The family of Bat-El Levy, 17, the winner of the Jerusalem District Bible contest for secular public schools, is known to be active in a group whose members call themselves "Messianic Jews." Her success in the regional competition earned Bat-El a place among four students representing Israel in the Bible Contest finals on Independence Day, this Thursday. Dozens of Jewish youth come to Israel each year for the last leg of the Bible Contest.

In reaction to the participation of a worshiper of Jesus in the Bible Contest, the head of the anti-missionary organization Yad L'Achim sent a letter to rabbinical and lay leaders in the religious community last week calling for efforts to get Levy disqualified. Several rabbis agreed to call for a boycott of the contest if Levy was allowed to compete.

In a letter to the Education Minister, Yuli Tamir, Knesset Member Meir Porush (United Torah Judaism) asked last week that Levy be disqualified from the Bible Contest on the grounds that she is not Jewish according to the High Court of Justice.

In cases relating to the Law of Return, granting automatic citizenship to Jewish immigrants, the High Court has ruled that those who profess the Christian faith will not be recognized as Jews regardless of their ethnic background. Furthermore, Porush said, the Bible Contest itself may be turned into a tool for Christian proselytizing among Jews, which is forbidden by law in Israel.

According to Porush, one of the goals of the annual Bible contest, officially called the International Bible Contest for Jewish Youth, is "to strengthen the religious awareness of the students and their appreciation of the Bible as the source of the fulfillment of the commandments and the religious lifestyle." Therefore, the competition is open only to Jews, which would exclude Jews who believe in worship Jesus.

In response to the controversy, a spokesperson for the Ministry of Education said that because Levy is listed as Jewish in school records and in the Population Registry, she is Jewish for the purposes of the Bible Contest as well. Therefore, she cannot be barred.

Even as the Bible Contest controversy is reaching its apex, in a letter to supporters the Jews for Jesus organization announced a series of new campaigns in Israel. "The campaigns are scheduled to begin in 2008 and continue through 2013," the missionary organization announced. "These campaigns could be the most important thing we in Jews for Jesus have ever done...."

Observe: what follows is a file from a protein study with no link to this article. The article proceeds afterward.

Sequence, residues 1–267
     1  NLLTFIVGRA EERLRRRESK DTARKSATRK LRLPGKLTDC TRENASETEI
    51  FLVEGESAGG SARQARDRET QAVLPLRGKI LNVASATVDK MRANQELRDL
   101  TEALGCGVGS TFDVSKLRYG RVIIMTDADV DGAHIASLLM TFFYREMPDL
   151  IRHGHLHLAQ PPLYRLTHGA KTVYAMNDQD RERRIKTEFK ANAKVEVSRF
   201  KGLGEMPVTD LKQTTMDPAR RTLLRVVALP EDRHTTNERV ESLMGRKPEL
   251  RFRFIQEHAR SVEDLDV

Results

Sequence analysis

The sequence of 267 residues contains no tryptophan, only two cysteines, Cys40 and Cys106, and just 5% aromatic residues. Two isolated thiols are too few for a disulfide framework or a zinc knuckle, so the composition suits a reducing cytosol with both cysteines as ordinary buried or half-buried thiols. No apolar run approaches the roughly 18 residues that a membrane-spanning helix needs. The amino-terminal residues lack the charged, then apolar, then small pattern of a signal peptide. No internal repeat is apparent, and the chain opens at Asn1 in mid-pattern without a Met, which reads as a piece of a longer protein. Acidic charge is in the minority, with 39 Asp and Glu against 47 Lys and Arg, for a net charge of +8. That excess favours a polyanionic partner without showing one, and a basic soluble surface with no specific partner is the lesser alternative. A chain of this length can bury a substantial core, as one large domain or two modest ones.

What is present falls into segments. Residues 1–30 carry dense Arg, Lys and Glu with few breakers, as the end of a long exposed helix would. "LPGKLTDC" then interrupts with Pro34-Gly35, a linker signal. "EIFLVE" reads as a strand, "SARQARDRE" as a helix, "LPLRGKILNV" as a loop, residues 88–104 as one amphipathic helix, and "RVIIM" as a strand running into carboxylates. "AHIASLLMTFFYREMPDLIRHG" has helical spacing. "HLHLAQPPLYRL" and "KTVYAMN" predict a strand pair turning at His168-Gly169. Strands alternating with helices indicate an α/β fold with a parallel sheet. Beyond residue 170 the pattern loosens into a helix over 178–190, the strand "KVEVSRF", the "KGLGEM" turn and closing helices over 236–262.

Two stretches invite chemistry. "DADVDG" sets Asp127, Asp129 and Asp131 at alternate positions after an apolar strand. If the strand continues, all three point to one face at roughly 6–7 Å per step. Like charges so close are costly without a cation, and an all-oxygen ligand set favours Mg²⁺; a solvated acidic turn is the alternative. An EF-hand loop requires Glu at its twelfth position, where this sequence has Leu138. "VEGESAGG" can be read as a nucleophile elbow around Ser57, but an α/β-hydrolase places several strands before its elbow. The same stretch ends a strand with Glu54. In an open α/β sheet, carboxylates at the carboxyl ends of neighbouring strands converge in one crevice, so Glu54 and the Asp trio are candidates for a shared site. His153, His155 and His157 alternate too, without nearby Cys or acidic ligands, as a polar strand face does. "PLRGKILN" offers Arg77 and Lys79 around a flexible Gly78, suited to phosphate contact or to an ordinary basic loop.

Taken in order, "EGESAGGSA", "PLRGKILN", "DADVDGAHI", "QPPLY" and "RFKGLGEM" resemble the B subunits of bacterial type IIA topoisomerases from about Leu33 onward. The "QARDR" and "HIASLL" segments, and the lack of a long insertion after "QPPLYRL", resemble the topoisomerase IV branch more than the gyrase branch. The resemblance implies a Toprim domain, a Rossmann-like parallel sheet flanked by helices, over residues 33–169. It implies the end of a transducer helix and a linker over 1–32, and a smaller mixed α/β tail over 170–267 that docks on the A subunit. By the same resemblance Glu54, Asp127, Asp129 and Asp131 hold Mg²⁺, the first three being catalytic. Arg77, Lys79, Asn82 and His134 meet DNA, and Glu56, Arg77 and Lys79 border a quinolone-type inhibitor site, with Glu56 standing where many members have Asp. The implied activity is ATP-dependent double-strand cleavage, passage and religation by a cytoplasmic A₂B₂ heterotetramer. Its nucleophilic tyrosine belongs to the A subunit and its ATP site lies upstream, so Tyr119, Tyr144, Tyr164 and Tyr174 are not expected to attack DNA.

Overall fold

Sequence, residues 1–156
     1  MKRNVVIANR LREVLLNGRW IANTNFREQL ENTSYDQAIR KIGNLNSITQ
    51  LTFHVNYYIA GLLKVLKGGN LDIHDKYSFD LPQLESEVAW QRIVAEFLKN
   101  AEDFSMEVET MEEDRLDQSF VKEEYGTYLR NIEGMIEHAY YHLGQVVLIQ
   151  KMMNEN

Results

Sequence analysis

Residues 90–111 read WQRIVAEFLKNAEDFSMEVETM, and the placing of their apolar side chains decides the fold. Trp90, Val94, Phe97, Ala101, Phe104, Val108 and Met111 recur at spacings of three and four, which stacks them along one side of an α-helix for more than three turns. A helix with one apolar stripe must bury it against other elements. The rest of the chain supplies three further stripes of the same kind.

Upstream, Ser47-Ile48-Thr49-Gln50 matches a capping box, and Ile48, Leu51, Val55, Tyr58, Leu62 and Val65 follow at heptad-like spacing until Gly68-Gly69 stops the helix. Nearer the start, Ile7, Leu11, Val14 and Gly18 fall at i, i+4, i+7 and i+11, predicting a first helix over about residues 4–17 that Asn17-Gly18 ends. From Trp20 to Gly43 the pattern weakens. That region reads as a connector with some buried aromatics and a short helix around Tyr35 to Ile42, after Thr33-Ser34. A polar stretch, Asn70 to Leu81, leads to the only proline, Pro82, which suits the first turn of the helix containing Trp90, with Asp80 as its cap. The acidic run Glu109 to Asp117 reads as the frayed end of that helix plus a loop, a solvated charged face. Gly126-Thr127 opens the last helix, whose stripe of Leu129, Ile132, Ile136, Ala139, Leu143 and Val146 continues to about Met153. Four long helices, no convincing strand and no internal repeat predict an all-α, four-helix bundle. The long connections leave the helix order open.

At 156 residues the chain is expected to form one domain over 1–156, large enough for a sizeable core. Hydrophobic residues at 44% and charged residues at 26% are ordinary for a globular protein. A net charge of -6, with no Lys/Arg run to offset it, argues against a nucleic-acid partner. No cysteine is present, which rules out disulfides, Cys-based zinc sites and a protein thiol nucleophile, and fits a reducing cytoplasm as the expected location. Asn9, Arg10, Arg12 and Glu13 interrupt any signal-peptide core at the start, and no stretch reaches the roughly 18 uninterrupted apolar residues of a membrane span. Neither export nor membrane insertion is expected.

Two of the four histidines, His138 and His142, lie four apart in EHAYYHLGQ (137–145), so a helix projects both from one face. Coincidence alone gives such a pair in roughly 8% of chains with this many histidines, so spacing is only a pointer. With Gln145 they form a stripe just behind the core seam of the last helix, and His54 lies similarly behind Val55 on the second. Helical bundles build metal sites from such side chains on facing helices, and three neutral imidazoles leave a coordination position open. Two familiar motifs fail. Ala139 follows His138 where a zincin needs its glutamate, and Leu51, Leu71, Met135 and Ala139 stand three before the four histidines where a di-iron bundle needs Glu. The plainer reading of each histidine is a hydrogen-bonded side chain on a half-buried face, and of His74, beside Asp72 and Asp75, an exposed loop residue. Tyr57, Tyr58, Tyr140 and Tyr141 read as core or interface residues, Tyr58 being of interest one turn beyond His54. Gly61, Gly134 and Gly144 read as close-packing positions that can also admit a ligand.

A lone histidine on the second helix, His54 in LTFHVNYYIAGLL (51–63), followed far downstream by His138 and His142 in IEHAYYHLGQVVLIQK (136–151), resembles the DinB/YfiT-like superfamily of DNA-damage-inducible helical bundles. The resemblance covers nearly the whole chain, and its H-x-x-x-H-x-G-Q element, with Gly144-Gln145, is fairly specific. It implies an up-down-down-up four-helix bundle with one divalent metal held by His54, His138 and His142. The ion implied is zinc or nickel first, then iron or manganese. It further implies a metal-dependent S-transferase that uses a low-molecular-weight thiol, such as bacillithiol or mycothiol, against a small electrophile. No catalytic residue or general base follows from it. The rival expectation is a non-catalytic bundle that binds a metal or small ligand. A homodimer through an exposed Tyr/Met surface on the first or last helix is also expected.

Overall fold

Claiming that "one tenth of one percent (.001)" of the Jews in Israel "believe in Jesus," the missionaries see a positive side in that Israel "is the only place in the world where - when we do street evangelism - we don't need to wonder who is Jewish. All we have to do is walk outside and talk to everyone we meet!"

There are about 8,000 Jews in Israel who worship Jesus. Yad L'Achim says that there are over 100 missionary, or "Messianic", churches operating in Israel, representing various branches of Christianity.

Russian Deacon Calls for Proselytizing Jews

By Israel Faxx News Services

A leading Russian Orthodox scholar has called for a more fervent effort to convert Russian-speaking Jews in Israel. Deacon Andrei Kuraev, a professor at the Moscow Spiritual Academy, said the Orthodox Christian Church based in Moscow should begin to proselytize actively among Israel's 3 million Russian-speaking Jews.

"We have a unique opportunity here for the growth of Orthodoxy in general because hundreds of thousands of Russian Jews have moved to the area," Kuraev told the Interfax news service.

In his comments, Kuraev said that the middle-class intelligentsia that makes up a large part of Russian immigrants to Israel "shows a huge interest in Christianity." He doubted that the local Greek Orthodox leaders had the resources or knowledge to reach Russian-speaking Jews.

The Russian Orthodox Church, the dominant religious force in Russia, in recent years consolidated with the Russian Orthodox Church abroad to create a global unified church. "This is a unique missionary opportunity," Kuraev said. "Through Jews who were raised on European and Russian classics, we could carry the light of the Gospel to all Israel."

Foreign Paratroopers Fly in Israel's Friendly Skies